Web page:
If It Ain’t Broke, Don’t Fix It: An established stone anchoring methodology

August 2020 – by Daniel Picco


If there’s one thing the Covid-19 pandemic has given us in our line of work—it’s time! We’ve saved hours of commuting by working from home, and with this, the opportunity to do some digging in the archives. What we found was a legacy copy of PICCO Engineering News, Issue 2, Volume 2 – Fall 2002. As a Junior Connection Specialist (and student soaking in all the knowledge I can from my father Mike Picco), I was eager to see what late 2002 had to offer in terms of individual handset stone anchor systems, and how they differ from today. Truth is, not that much.


Caption: Legacy copy of PICCO News, , distributed by mail (2002)


Nothing new under the sun; nothing old under the moon

Saying that little has changed in the world of facade anchoring from 2002 until now is nonsensical. With aluminum rail systems, back anchored thin veneer, 3D BIM, new standards and regulations surrounding Leadership in Energy and Environmental Design (LEED) to only list a few, I understand that yes, since 2002, things have substantially changed. We have adapted by engineering and designing complex facade anchoring methodologies worldwide. However, when it comes to individually supported steel anchors, the many practices from 18 years ago remain today, which speaks volumes to the efficiency and feasibility of the system. We’ve referenced examples from our 2002 newsletter to prove this point.


Selecting and designing a proper anchoring system is one of the most important factors in determining the success or failure of a stone cladding project. Architects, Contractors, Fabricators, and Designers often minimize the importance of anchor design and the anchoring system. Unfortunately, in many cases anchors are designed and detailed with selfish motives. If anchors are included as part of the stone supply contract, they may be designed with cost being the prime factor, where little attention is given to the field adjustment and installation labour. In other instances, the building design has not given consideration to the stone anchor requirements, often resulting in substantial costs associated with elaborate and expensive sub-assemblies and anchoring systems. Anchoring systems and design require that several factors be considered—strength, type and thickness of the selected stone, loading conditions, environmental exposure, type of back-up, type and grade of materials specified, anchor costs, ease of installation, all which ultimately affects labour cost, to mention a few.


Caption: Typical stone anchor assembly: two-piece dowel connection on concrete backup


Continuing to build on a solid foundation

Until 2002, most ASTM Standards focused on the stone properties. Now more emphasis is being placed on the anchors and both their engagement into the stone and attachment to the structure. ASTM Standards are a guide; however, they still require engineering and proper direction.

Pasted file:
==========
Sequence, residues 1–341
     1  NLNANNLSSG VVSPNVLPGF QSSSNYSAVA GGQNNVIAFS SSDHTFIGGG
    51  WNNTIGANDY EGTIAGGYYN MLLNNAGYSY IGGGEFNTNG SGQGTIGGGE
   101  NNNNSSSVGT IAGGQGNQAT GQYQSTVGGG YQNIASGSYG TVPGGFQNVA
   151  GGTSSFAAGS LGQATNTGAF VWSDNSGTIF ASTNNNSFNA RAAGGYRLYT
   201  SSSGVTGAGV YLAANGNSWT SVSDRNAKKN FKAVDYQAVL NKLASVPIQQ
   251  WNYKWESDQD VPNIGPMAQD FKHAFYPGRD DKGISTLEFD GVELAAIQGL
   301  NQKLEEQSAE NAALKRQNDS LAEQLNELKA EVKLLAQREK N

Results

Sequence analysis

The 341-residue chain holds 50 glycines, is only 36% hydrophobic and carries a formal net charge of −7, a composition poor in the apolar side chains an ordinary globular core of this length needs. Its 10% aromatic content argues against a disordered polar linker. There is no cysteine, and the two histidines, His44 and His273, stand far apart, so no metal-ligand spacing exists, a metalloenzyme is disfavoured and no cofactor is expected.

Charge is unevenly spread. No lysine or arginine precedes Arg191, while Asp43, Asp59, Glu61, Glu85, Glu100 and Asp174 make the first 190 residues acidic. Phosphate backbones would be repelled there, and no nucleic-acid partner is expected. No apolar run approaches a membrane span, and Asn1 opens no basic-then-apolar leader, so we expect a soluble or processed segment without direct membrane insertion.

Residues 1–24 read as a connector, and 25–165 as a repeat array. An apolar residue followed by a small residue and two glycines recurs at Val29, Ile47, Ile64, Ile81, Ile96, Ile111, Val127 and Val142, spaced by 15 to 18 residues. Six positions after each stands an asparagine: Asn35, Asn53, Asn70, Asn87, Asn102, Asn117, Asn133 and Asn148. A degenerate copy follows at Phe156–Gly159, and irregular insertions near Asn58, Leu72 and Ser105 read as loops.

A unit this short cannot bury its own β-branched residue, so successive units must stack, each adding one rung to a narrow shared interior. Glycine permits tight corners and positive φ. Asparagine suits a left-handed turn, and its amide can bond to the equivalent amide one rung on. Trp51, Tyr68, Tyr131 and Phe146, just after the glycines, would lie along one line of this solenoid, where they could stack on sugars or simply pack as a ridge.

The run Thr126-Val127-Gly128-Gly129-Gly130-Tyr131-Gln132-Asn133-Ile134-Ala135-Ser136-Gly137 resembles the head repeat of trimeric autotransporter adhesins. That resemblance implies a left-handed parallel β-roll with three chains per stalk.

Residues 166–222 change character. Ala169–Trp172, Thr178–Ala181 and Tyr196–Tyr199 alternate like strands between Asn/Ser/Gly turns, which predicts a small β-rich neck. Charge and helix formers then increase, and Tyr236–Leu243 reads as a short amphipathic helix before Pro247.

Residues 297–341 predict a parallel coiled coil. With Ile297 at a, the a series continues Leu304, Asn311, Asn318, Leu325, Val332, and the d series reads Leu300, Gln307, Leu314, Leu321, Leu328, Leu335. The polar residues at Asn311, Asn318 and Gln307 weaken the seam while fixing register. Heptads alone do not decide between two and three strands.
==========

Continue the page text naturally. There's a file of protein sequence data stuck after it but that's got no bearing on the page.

ASTM C1242-00, Standard Guide for Design, Selection, and Installation of Exterior Dimension Stone Anchors and Anchoring Systems and ASTM C1354-96, Standard Test Method for Strength of Individual Stone Anchorages in Dimension Stone are two standards that focus on the importance of anchor design and selection. However, Codes and Standards generally establish only minimum requirements and should never be substituted for an engineered stone cladding system.


“Most cladding failures can be attributed to problems with the anchors or the anchoring system rather than the weaknesses in the bending strength of the stone panels. Regrettably in almost all cases the failures are linked to improper design and detail as well as the designer’s lack of experience and knowledge of the integral relationship between the stone’s behaviour and its supporting system.”


Caption: Aga Khan Park: example of individually supported steel anchors


Keys to Success

When close attention is paid to detail, a good stone anchoring system will always prove successful in the field. Such items needing consideration are:

  • Anchor adjustment: wherever possible use a two-piece connection with adjustment in all three directions: in/out, up/down and side to side

  • Consistency: use as few connections as possible to get the job done

  • Access: ensure that the anchor is accessible for installation and adjustment:

Wherever possible use only four anchors per stone, two top and two bottom

Understand the stone and anchor installation sequence including stone handling and setting equipment

Ensure all stone panels are individually supported, joint size is sufficient and provisions for differential movement has been allowed for

Past experience—stone installer’s preference and familiarity with certain anchoring systems

Cost—a good design does not have to be an expensive design

The proper design, detailing, specifying and inspection of a well-engineered stone anchoring system can be both challenging and rewarding not to mention the satisfaction achieved right through from the design team to the stone mason for a job done right.


These keys to success have helped us deliver the value engineering which our clients hold in high regard, for 28 years and counting...

For more information contact: danielp@picco-engineering.com

Junior Connection Specialist at PICCO Engineering

Daniel has proudly been with PICCO Engineering since 2016. In addition to connection and anchorage design, Daniel works directly with clients ensuring all preferences, site conditions and best practices are met. His keen attention to detail provides our clients with the confidence and comfort to successfully deliver projects. Daniel holds a diploma in Architectural Technology from Sheridan College.


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